When Apple Original Films shared a first look at Finch, I started mentally ticking off all the boxes for why this film was of the caliber where I'd watch it, even if it was already on for 53 minutes, with commercials and cussing-bleeped. Top of the list is Hanks. We love to watch that man struggle with grace and humor. We have a cuddly canine to project all of our fuzzy feelings on, which we usually reserve for our furry family members. Then we have our robot. Not The Terminator kind, the Short Circuit, WALL-E kind. The character showing us our strange world seen through the eyes of a child. Scoop all of those cherished creatures up and toss them into a post apocalyptic world that they must survive? We never had a chance. If you haven't see the trailer yet, here it is, so you can feel me.
In the Finch trailer, we've got our beloved Tom Hanks, who has proven he can captivate us, all by his lonesome, in Cast Away, though it could be argued that it was a buddy movie with WIlson the volleyball speaking volumes with his silence. We've got our Hanks up against unbeatable odds, which we love, as proven in Apollo 13, Philadelphia, Joe Versus the Volcano, and The Money PIt. His relentless optimism battling with his full grasp of the situation gives him and the audience the boost to get back on that horse. A hysterical example is this gem.
When we pair Hanks with a dog? Turner and Hooch is a buddy cop dog comedy. We're getting warmer. Watching Hooch win Turner over, helping solve the case, becoming part of the family and then...then... let's not think about it. Here, let's lighten things up with Hooch's bath time.
Next we introduce the robot, that he's seen building, to take care of his fur babe in case he dies. He programs it to protect the dog. Come on! This is not the snarky high-strung golden robot, or the naked Schwarzenegger death machine. This cute creation is the Steve Guttenberg, Ally Sheedy variety. The "Input" sweetie pie who wants to learn everything about our fascinating world. You saw in the trailer Tom Hanks was teaching his companion contraption how to drive, right? Number 5 was learning all kinds of things in Short Circuit.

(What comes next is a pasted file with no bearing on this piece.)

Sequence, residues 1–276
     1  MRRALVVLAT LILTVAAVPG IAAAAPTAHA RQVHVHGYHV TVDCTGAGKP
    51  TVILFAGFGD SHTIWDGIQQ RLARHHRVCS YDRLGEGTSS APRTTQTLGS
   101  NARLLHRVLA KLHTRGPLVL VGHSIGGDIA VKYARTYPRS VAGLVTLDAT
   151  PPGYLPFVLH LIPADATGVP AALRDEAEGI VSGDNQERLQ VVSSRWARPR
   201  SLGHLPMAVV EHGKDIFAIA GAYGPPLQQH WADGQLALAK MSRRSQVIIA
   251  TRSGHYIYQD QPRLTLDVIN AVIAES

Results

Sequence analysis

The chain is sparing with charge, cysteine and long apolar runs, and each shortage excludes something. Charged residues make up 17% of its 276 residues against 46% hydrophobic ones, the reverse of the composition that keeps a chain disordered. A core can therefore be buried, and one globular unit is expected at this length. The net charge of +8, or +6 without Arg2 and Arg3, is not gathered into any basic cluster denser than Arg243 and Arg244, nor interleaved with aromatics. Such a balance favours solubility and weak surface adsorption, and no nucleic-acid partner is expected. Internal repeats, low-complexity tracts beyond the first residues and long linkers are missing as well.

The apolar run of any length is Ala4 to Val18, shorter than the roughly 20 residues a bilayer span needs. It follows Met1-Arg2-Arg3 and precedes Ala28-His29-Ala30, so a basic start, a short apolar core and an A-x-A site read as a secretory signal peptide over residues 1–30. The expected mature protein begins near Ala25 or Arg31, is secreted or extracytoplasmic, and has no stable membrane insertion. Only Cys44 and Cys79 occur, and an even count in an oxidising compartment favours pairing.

Imagine if Number 5 was all alone on our detroyed planet. Lonesome and surrounded by destruction for hundreds of years, he discovers a visitor, and falls in love. WALL-E is so much more than that. They make us cry over a trash compactor. And last but not least, we have a post-apocalyptic world our nearest and dearest have to endure to survive? And as if that weren't enough, they even throw in the obligatory challenge of The Walking Dead, Sweet Tooth, Mad Max humans gone bad.
So many reboots and remakes announcements have folks declaring they are ruining the classics, but some of peoples' top 10 films are (unknowingly) remakes of films their grandparents cherished. Art is subjective, I know, but if a movie is good, it's simply good. You need one of the four types of conflict to drive a story: Man vs. Man, Man vs. Self, Man vs. Society, or Man vs. Nature. Finch has ALL OF THEM. We're going to love it. It's going to be a staple. It's being released on November 5, smack in the middle of the winter holiday season, and that clinches it. Welcome to the holiday rotation, Finch. So glad you're here.